Last Sunday’s sermon was from 1 Corinthians 10, and was the second in my series on communion. This week, I focused on the fact that in eating the Lord’s Supper, we are fellowshipping with God, and in doing so making a statement about our unity and solidarity with Him. That is, we are stating that we are His people.
Paul is exhorting the Corinthians to put away their association with idolatry, since eating at the altar is fellowship with the altar. Therefore, eating at the altar of demons is fellowshipping with demons, since the pagan nations (albeit unknowingly) worship demons. If we try to fellowship with God at the same time as we are fellowshipping with the enemies of God, we will fail, we will be hampered in our efforts by our divided loyalties and muddled allegiance.
This is a warning most specifically against those who believe themselves to be strong in the faith. The Corinthians’ argument was, “We are strong, and we know an idol is nothing in the world. Therefore we can fellowship with these pagans in their pagan practices and not be affected by it.” Paul’s answer to that is, “He who thinks he stands, take heed lest he fall.”
Are demons still active in the world? And if we wanted to fellowship with those demons, where would we go to find them? Satan is the father of lies, and wherever you find the lies that lead people astray in our own age, there you will find the demons of our own age. And wherever you find people engaging the activities that express those lies, you will find people fellowshipping with demons.
It is difficult to apply this precisely to every believer’s own situation. We have liberty in Christ and we ought not infringe on another believer’s liberty. But we should also not use our liberty simply to protect our amusements and lifestyle. Our question should be, how do we grow closer to God? How do we aid our fellowship with God, and with God’s people? And what should we avoid doing to avoid hindering that fellowship?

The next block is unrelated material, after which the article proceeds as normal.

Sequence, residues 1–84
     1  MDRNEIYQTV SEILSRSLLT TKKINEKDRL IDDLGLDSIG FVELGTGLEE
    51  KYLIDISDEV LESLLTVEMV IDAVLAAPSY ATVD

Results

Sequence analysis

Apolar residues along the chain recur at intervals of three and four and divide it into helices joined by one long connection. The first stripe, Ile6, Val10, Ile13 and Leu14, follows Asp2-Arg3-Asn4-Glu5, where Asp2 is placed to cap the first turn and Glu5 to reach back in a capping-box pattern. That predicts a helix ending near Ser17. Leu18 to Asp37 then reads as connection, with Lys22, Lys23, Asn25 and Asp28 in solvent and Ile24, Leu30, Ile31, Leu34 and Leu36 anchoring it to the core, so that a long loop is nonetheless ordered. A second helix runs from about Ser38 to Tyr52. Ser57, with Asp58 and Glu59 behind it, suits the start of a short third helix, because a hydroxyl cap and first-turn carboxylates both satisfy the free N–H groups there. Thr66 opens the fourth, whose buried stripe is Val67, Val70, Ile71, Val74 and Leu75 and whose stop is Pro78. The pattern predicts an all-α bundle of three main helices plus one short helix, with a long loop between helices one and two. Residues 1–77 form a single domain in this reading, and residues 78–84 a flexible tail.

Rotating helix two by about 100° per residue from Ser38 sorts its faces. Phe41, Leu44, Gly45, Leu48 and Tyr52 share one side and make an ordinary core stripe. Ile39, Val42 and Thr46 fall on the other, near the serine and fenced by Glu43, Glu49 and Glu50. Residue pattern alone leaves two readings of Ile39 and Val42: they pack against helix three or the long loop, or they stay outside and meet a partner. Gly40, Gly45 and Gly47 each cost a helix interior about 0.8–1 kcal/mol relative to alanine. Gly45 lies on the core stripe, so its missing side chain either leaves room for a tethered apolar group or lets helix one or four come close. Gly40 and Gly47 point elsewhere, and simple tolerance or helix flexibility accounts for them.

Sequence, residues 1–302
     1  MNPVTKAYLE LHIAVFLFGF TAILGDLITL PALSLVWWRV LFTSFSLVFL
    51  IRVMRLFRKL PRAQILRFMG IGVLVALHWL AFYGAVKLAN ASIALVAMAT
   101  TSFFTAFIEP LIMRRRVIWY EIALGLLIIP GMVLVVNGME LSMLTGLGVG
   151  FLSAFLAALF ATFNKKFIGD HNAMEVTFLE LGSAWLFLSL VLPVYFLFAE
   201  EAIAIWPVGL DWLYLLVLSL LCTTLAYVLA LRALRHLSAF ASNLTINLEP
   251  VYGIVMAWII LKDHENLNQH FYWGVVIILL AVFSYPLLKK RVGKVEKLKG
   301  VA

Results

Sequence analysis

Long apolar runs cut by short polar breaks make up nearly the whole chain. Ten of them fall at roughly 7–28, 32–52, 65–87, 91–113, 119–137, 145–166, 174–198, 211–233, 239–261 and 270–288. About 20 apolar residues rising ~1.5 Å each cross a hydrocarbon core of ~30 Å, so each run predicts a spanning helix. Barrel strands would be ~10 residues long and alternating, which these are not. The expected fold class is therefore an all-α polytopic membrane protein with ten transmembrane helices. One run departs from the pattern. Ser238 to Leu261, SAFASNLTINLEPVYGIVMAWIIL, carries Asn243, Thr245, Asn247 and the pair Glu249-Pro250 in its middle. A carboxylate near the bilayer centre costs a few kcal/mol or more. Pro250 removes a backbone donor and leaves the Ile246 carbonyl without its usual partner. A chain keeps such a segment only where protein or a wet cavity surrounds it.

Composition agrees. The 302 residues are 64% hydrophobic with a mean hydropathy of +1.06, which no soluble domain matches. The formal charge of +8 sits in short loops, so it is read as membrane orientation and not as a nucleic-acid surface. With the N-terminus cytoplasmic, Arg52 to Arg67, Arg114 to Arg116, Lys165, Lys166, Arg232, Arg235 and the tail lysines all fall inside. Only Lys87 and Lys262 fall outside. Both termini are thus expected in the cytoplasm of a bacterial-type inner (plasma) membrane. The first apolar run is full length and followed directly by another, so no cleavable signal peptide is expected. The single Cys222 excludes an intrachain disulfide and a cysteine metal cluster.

This is the subject of last week’s sermon. If you’d like to pursue this topic in greater detail, listen to the sermon and / or leave me a comment.
7 thoughts on “The Table of the Lord, and of Demons”
Matt, what do you think about demon possession? Have you seen the movie “The Exorcism of Emily Rose?” Is that for real, do you think? I’ve been checking out Mark, and Jesus cast out a lot of demons. Is that level of demonic activity the same today? It’s really scary. Can demons mess with weak / new believers?
It’s clear from Scripture that there was a great deal of demonic activity in the time of Christ, which also appears to be very unusual, not the normal course of things. You don’t read about that kind of demonic activity to the same extent at other points in Biblical history.
I believe that Revelation teaches that Satan is “chained”, that is, limited in his activities today. He’s still a very real threat, but not in the same way as then. Demon possession is real, I believe, but not something that can take the believer away from Christ.
In conjuction with your sermon how do we view Ephesians 5:12 “For we do not wrestle against flesh and blood, but against principalities, against powers, against the rulers of the darkness of this age, against spiritual hosts of wickedness in the heavenly places”